Before the plague of hatlessness drove the hat industry to bemoan citizens “exposing themselves” in public, the seasons were marked by the change of snow to sun and felt to straw. In mid-May, the hard straw skimmer replaced the felt fedora, and people could spend all summer chasing it as it blew off their heads, into the streetcar tracks, or the gutter.
Wearing a straw hat past Sept. 15 was like wearing white pants after Labour Day. People who didn’t follow the strict seasonal rules were subject to ridicule and violence. In 1928, the Globe reported a “well known Communist of Hamilton” wearing a straw hat a few days before the official opening of the season in May. The Globe mocked his hat, which “hove into view on the horizon at 2:22 yesterday afternoon,” and was the colour of “dull yellow so frequently found on senile ducks’ feet.”
Seeing the first Panama hat or straw boater was akin to seeing the first sign of spring, and local newspapers often took note — like in 1927, when a citizen of Lindsay, Ont., was spotted in straw on March 14, along with a flock of 20 wild geese in the sky. In 1930, the first straw hat was spotted on the absurd date of Feb. 20 in Grimsby, while the local police chief was still wearing his fur.
The straw hat was part of the North American summer uniform. Adam Coren, a floor manager and historian at JJ Hat Center, a New York shop that has been slinging skimmers since 1911, said that the typical man would keep a straw hat for two or three summers. You couldn’t really clean sweat and dirt from the brim, but they weren’t expensive, and the hat was seen as a disposable item.
By the middle of September, “World Series prospects and other international issues took a back seat … while the male of the species in the United States went shopping to buy a hat,” the American press noted. Those who extended the season past Sept. 15 knew they risked “straw-hat smashing.”
The custom seemed to originate with young men on the New York stock exchange, who destroyed any straw hat on the trading floor after the appointed date. By the early twentieth century, “Wall Street’s frivolous trick” had migrated outside of financial circles, as boys and teenagers went looking for their endless summer-loving prey.
The smashing may have another origin: Coren mentioned that it was a ritual of a Major League baseball team to start and end the season by punching their felt or straw hats and throwing them on the field. No matter the cause, the stories appeared every September: police surgeons dressing scalp wounds in Iowa, boys menacing small towns and cities, judges shaking their head over the “vicious custom.” It was mostly young boys, but sometimes, women were involved. (There were no mentions of the practice in Canadian papers searched by the Star.)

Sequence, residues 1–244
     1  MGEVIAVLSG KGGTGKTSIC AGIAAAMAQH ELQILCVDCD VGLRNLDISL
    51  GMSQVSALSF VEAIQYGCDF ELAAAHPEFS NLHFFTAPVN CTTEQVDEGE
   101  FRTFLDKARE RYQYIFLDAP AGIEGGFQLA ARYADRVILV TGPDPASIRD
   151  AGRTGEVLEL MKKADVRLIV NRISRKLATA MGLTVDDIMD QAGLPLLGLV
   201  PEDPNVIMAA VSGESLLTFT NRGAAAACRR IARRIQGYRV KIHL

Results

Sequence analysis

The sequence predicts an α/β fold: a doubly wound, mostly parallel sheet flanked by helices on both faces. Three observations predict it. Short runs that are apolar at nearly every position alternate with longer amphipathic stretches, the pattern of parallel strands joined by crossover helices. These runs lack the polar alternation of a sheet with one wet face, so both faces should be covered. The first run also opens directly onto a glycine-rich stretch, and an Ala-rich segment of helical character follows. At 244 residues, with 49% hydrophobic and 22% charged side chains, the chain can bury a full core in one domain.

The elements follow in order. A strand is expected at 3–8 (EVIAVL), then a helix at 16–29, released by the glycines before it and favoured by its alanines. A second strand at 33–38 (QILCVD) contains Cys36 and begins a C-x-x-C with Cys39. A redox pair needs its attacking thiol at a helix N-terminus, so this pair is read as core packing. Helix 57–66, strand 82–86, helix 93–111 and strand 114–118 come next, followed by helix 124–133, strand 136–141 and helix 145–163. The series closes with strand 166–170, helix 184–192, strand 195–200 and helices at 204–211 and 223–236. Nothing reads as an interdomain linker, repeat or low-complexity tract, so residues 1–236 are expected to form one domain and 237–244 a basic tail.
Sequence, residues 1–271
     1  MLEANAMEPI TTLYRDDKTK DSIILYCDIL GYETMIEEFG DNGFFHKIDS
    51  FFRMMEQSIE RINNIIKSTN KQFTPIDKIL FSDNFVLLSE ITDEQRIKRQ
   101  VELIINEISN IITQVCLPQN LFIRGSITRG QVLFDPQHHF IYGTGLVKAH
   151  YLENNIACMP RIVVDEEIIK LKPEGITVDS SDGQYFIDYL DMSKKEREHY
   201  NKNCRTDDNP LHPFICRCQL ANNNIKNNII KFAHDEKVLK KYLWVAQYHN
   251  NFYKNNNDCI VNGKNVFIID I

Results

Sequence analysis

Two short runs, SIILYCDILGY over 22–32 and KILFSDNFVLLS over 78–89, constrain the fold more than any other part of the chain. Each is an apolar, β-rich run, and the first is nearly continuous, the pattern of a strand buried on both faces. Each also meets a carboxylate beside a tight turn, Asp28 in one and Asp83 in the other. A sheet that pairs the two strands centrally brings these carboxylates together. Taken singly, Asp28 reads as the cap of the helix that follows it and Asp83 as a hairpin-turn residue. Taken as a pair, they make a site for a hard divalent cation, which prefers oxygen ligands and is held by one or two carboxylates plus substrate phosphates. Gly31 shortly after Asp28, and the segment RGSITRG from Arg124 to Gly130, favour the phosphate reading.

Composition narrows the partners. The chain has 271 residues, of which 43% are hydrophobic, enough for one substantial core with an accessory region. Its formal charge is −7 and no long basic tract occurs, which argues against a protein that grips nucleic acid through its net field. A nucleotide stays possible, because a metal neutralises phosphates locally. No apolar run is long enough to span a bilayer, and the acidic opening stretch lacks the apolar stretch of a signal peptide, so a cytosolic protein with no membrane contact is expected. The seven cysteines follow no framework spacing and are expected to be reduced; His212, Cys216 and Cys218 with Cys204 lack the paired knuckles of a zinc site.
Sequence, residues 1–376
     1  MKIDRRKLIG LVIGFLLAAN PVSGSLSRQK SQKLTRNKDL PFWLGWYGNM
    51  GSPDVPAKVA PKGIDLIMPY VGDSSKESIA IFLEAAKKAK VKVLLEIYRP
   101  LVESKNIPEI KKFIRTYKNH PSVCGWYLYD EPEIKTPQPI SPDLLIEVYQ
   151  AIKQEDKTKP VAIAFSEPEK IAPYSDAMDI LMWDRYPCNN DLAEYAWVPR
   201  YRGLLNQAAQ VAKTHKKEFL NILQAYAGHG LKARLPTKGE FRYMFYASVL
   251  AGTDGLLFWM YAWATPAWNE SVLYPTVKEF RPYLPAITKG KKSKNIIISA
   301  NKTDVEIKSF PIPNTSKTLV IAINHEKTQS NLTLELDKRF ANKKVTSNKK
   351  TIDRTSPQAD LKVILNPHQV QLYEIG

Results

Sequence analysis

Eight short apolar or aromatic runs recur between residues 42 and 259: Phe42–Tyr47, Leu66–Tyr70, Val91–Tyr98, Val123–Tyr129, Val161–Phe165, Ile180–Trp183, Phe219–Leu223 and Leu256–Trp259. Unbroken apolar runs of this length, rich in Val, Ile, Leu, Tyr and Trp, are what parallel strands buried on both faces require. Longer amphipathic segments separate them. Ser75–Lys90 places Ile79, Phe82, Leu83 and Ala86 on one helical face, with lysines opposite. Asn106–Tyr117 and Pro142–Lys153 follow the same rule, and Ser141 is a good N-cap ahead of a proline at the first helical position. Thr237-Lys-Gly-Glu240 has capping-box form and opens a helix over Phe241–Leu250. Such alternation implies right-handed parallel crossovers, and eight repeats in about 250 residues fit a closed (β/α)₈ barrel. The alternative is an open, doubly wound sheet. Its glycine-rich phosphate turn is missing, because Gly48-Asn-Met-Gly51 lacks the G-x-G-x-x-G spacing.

“I think it was meant to be almost an early punk rock gesture,” says Karyn Ruiz of Toronto’s Lilliput Hats. “I’m sure teenagers could care less about whether somebody wears a hat or not, I think they were just bucking the social convention in a very big way.”
By 1920, a New York judge warned offenders would be imprisoned or fined for the “boorish conduct.” Two years later, on an unseasonably warm mid-September day, a “wild orgy and riot” raged in Manhattan as straw hats were seized upon by “gangs and hoodlums,” and the streets littered with straw in what became known as the “Straw hat riot of 1922.” Police tried to respond but “there wasn’t enough of them and there were too many hats,” the Buffalo Commercial reported.
Hat smashing eventually faded into the footnotes of fashion and civic history. Truth be told, there were fewer hats to tear apart as society changed.
In 1944, the millinery industry urged retailers to fight back against “the menace of hatlessness,” by asking sellers to step up their window displays to “dramatize the beauty and attractiveness of hats.” Trade groups were active in the fight — there was the Hat Council and the Hat Research Foundation, which had its own branch in Canada.
Hat Life magazine recorded the grim sales numbers as the hatless took to “exposing themselves every day of the year,” as the Globe and Mail noted in 1947, writing about the plight of the industry. The war was blamed. Returned men were not wearing hats “as a gesture of triumph in their newly recovered liberties,” the press reported.
Before the dawn of widespread indoor plumbing, sunscreen and sunglasses, hats were something of a necessity. Ellen Lynch, a professor of accessories design at New York’s Fashion Institute of Technology, mentions the Three Musketeers’ wide-brimmed cavalier of the seventeenth century. Certainly it protected the face from the elements, “but it was also a way of camouflaging any diseases or bugs you might have on your head,” she says.
By the end of the 1950s, the younger generation rebuffed the idea that you needed to wear or co-ordinated outfits, Lynch says. There were new hairstyles to try out — like the bouffant — and those didn’t always work well with hats.